New High School Boundary Policy Adopted
<bt>A new Loudoun County Public Schools policy approved last Tuesday will allow high-school seniors to continue attending their original school if the school system re-draws the school's boundaries.
Additionally, if the senior has younger siblings who are assigned to the new high school, the policy will allow them to attend the same school as the senior for all four years.
Transportation will not be provided to any younger siblings after the year of the senior's graduation.
"This is a way to mitigate disruption within families," said School Board Member Bob Ohneiser (Broad Run).
But School Board Member Priscilla Godfrey (Blue Ridge) said the new policy sends the message that new schools are undesirable, and might negatively impact class size and teacher workloads.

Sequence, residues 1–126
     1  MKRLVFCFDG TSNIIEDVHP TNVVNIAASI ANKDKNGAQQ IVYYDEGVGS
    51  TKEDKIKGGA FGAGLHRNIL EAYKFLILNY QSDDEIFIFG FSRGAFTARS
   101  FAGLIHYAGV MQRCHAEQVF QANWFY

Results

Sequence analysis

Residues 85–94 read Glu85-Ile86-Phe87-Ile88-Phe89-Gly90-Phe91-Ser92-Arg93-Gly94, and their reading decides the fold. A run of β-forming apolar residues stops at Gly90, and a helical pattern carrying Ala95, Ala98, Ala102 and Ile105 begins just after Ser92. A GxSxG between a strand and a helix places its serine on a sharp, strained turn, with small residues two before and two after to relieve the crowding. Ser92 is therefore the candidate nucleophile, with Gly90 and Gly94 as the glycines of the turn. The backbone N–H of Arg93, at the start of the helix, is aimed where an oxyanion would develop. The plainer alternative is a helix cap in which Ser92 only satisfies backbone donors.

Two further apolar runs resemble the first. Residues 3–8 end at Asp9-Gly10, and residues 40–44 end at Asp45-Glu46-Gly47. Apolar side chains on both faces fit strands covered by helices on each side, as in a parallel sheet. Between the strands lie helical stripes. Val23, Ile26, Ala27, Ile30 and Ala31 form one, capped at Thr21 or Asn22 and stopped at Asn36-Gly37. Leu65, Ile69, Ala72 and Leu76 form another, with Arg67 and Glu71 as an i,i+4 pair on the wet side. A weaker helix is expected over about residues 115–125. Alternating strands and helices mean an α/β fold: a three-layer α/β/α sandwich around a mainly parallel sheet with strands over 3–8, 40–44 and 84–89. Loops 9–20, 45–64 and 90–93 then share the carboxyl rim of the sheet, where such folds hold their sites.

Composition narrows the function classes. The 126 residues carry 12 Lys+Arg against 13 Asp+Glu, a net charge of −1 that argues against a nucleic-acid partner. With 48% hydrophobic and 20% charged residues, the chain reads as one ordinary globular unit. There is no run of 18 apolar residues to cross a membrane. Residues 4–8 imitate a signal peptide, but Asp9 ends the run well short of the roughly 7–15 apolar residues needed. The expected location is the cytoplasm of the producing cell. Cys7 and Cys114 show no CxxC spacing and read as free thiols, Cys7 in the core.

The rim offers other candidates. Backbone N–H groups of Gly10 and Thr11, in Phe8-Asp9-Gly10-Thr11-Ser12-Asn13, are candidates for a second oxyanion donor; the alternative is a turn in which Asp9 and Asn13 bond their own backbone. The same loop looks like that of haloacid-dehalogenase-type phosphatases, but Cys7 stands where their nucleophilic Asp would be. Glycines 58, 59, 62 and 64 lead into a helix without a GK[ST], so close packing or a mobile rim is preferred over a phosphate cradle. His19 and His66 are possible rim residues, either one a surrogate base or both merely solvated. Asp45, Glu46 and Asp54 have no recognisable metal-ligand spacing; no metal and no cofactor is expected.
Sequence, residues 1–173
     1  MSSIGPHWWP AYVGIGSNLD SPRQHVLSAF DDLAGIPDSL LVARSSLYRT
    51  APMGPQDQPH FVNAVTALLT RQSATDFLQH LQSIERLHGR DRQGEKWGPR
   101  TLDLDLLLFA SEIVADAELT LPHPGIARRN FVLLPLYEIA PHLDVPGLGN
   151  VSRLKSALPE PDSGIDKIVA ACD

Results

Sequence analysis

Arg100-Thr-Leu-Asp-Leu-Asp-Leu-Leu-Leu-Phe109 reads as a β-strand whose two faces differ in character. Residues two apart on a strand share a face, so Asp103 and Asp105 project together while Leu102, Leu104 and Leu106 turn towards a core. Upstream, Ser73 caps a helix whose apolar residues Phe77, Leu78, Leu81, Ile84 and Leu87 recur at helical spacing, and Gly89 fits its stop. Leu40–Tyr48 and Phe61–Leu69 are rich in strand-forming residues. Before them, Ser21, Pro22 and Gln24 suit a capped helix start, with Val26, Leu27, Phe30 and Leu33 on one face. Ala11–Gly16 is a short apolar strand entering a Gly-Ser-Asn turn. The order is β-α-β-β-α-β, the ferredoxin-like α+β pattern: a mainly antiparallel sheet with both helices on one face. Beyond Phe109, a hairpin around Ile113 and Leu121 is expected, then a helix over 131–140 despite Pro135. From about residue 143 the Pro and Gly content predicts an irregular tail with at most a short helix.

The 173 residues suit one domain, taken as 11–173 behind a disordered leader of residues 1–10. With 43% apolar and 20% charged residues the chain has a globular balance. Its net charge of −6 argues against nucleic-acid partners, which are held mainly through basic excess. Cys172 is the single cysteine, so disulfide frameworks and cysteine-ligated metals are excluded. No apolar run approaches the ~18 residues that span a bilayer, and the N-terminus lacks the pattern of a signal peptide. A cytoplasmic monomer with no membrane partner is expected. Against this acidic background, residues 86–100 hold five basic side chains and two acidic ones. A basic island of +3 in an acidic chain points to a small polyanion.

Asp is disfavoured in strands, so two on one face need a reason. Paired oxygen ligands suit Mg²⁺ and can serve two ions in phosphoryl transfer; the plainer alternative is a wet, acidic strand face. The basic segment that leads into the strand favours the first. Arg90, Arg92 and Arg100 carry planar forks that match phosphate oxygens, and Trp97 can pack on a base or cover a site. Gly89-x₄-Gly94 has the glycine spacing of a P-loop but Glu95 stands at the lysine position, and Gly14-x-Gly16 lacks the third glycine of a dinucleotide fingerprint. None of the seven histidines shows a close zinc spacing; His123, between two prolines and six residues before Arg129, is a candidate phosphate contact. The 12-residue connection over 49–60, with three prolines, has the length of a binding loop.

"This could go on for years," she said. "It'll make an even longer and more confused transition to a new high school."
<sh>New Policy for Elementary School Walkers
<bt>The Loudoun County School Board voted Tuesday to adopt a new policy that guarantees that children living within 8/10ths of mile from an elementary schools can continue to attend that school if LCPS re-draws its school boundaries.
The policy gives families the choice to stay at the original school if the school system carves out their neighborhood to send them to another school.
It applies solely to those children who walk to school, to whom the school system does not provide transportation.
"It's good for public relations and that's one of our goals," said School Board Member Sarah B. Smith (Leesburg).
School officials said they have never — and probably will never — take a neighborhood so extremely close to one school and send it to another.
If the school system did ever decide to re-draw elementary school boundaries in this fashion, it would be difficult to convince the Sheriff's Office to provide crossing guards for the few scattered students who chose to remain at the original school.
"The sheriff faces the difficulty of providing us crossing guards even where we want them now," said Superintendent Edgar B. Hatrick.